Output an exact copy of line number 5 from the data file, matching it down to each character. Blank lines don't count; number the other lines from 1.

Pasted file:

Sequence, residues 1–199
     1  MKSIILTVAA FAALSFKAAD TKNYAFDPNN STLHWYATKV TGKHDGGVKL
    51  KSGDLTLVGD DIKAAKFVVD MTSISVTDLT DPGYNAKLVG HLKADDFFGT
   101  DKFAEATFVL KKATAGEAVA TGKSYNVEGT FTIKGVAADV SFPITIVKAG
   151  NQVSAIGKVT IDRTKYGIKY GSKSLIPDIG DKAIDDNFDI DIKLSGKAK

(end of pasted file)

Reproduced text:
   151  NQVSAIGKVT IDRTKYGIKY GSKSLIPDIG DKAIDDNFDI DIKLSGKAK